Coronavirus: What powers do the police have?

The lockdown rules have changed across all parts of the UK – with the most relaxed regime now operational in England.

The devolved administrations in Scotland, Wales and Northern Ireland set their own rules – and in each part of the UK, the police must enforce them.

Wherever you live in the UK, the police can:

  • Detain someone to be tested if they are believed to be infectious
  • Intervene to close a wide range of non-essential businesses
  • Restrict someone’s right to move around or to take part in a gathering

There are now at least 17 laws, known as regulations, governing freedom of movement across the UK – here are the links to the most important:

  • English regulations are here and here
  • Main Welsh regulations are here and here
  • The Scottish regulations are here and here
  • The Northern Ireland regulations are here and here

Originally, it was against the law in every part of the UK to be outside the place where you live “without reasonable excuse”, or to be part of a public gathering.

Today, the picture is really complicated. So let’s start with England.

From 1 June, anyone in England can be outside without needing a reasonable excuse. If someone wants to take a long car journey, they no longer need to explain themselves – providing they’re returning home that day.

Once outside, be it in public or a back garden, they can gather in groups of up to six people and the police won’t intervene.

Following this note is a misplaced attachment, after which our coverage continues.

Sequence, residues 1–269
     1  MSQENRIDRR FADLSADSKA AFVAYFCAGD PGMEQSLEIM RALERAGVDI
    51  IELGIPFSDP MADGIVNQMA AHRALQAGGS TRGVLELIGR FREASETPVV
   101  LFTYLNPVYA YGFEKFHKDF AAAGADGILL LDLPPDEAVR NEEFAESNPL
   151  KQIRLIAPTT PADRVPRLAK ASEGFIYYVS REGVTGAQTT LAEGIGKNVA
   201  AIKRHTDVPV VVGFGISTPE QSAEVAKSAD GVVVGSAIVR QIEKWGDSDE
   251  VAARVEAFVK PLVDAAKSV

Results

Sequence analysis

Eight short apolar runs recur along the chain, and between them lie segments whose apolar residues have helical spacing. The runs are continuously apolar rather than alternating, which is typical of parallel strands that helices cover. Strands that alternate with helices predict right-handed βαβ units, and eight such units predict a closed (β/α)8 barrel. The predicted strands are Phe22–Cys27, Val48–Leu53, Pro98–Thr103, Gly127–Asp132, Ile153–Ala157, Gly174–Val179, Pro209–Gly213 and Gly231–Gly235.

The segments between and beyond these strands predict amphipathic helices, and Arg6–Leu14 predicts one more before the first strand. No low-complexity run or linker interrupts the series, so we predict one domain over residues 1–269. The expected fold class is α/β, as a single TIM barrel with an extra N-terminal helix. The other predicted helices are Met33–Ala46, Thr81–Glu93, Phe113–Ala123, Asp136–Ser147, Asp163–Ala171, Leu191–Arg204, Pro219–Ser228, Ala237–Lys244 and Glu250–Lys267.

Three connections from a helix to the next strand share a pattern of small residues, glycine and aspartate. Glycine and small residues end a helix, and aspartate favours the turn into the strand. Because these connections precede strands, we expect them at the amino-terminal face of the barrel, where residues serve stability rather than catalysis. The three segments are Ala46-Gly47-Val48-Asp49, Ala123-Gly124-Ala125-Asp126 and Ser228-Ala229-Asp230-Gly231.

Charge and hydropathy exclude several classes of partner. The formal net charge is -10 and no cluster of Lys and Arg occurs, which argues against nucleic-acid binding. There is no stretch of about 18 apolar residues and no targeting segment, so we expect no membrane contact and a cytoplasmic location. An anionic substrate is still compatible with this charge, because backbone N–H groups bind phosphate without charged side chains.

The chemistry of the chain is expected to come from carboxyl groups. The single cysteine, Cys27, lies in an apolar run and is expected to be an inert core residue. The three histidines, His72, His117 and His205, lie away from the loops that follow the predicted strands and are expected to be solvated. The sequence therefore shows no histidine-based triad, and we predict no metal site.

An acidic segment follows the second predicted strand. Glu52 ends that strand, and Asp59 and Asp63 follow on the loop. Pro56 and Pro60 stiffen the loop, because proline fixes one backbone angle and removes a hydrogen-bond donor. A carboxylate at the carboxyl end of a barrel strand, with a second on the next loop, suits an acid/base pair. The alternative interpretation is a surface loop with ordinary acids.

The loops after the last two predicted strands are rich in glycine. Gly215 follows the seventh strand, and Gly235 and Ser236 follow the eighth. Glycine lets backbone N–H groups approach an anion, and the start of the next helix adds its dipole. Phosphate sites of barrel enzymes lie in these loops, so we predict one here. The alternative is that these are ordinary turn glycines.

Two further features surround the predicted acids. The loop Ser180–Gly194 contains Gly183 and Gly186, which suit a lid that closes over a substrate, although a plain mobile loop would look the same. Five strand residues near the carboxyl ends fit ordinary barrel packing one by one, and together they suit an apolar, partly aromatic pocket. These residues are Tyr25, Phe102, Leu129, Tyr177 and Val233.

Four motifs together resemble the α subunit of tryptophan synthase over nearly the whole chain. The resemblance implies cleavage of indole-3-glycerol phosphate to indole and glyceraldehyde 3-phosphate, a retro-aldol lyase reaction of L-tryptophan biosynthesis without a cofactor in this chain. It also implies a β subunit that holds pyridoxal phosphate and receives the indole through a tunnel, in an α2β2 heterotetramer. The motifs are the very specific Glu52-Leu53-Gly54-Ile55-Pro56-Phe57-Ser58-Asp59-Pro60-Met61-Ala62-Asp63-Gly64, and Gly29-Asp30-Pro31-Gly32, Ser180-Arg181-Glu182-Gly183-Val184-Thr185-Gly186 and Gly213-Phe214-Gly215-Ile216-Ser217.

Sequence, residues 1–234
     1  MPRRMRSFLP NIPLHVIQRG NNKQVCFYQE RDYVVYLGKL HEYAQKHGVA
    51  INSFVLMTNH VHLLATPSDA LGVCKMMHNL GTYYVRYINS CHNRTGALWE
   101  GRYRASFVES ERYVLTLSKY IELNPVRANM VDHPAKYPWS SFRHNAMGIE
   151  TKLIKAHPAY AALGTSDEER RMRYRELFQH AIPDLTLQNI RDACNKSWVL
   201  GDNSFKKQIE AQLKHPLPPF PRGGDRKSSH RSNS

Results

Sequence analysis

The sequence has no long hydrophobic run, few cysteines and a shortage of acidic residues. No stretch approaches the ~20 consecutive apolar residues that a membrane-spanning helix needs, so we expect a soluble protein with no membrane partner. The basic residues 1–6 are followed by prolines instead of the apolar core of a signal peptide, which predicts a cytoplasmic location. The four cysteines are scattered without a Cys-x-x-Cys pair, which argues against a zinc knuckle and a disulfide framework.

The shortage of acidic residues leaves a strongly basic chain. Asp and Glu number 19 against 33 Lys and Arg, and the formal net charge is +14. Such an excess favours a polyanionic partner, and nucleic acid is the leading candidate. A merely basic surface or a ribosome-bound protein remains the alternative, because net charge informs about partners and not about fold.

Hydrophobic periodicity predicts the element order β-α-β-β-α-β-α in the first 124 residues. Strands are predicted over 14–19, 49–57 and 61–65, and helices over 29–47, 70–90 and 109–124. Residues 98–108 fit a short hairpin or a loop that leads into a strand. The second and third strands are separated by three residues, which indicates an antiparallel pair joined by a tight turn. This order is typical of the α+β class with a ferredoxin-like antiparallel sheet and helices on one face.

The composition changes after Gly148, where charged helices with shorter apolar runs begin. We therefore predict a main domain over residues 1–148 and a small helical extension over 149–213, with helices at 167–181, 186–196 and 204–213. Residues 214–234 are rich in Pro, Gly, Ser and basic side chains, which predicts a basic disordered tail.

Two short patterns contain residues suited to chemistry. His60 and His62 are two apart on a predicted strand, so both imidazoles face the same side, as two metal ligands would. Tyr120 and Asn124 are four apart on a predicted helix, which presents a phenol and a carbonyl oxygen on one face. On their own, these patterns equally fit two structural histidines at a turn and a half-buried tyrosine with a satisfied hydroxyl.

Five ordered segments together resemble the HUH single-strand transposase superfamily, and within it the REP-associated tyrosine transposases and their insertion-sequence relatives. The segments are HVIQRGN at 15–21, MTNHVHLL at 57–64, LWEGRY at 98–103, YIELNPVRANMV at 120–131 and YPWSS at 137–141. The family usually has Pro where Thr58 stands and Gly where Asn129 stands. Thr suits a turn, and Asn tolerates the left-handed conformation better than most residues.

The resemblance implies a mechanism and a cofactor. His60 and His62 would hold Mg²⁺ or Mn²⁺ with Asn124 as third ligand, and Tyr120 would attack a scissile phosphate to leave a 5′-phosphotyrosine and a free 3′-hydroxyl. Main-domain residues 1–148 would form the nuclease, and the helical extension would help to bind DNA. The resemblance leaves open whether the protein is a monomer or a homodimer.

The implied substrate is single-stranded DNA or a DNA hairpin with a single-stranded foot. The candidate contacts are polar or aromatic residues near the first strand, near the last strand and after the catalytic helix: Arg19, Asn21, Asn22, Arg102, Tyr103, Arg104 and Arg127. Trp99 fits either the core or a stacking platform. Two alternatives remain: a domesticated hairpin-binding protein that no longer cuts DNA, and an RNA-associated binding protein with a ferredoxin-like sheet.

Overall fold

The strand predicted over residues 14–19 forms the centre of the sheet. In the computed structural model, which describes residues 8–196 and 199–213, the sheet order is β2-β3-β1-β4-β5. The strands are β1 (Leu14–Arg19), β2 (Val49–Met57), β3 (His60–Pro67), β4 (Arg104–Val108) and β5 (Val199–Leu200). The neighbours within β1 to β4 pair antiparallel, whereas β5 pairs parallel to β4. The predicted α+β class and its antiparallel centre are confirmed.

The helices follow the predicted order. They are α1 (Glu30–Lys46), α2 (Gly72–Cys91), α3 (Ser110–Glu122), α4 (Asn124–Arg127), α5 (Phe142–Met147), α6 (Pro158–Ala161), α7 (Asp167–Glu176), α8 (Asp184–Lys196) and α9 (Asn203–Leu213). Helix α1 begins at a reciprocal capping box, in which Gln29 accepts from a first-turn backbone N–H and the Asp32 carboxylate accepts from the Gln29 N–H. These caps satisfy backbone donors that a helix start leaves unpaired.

For the first time since the lockdown began, people in England can stay overnight away from home for a range of specific reasons that include:

  • Attending a funeral
  • For reasonably necessary work
  • To provide care, or to avoid injury or harm.

Crucially, there is a still a general ban on any indoor meetings of more than two people, unless they have a similar reason, defined in law, for doing so.

The latest guidance to police in England tells officers they can order people to leave a home if they find an illegal indoor meeting.

These changes have created some rather unusual legal anomalies. Today in England, it’s an offence for a couple who do not live together to have an amorous reunion indoors. However, there is no actual legal requirement to remain 2m (6ft) apart in a back garden – although it remains a key part of the government guidance.

What about the rest of the UK?

In Scotland and Northern Ireland, people still need a reasonable excuse to be outside where they live – and in Wales to go beyond their local area.

What’s a reasonable excuse? The law across the UK has never been explicitly clear on what this means (see the Dominic Cummings row), but it does give examples which include:

  • Shopping for basic necessities
  • Exercise
  • Travelling to and from necessary work
  • Providing care to someone who is vulnerable
  • Fleeing harm – such as domestic abuse

The law stresses that if you’re on your own property, including a yard, garage or alley which is part of where you live, the police have no power to tell you what to do, unless you’re having a gathering that’s breaking the lockdown.

In Northern Ireland, groups of up to six people who do not share a household can meet outdoors under a relaxation of the law.

In Scotland and Wales, the law now allows “two households” to meet outside but doesn’t specify numbers. However Scottish guidance is to keep it to maximum of eight people.

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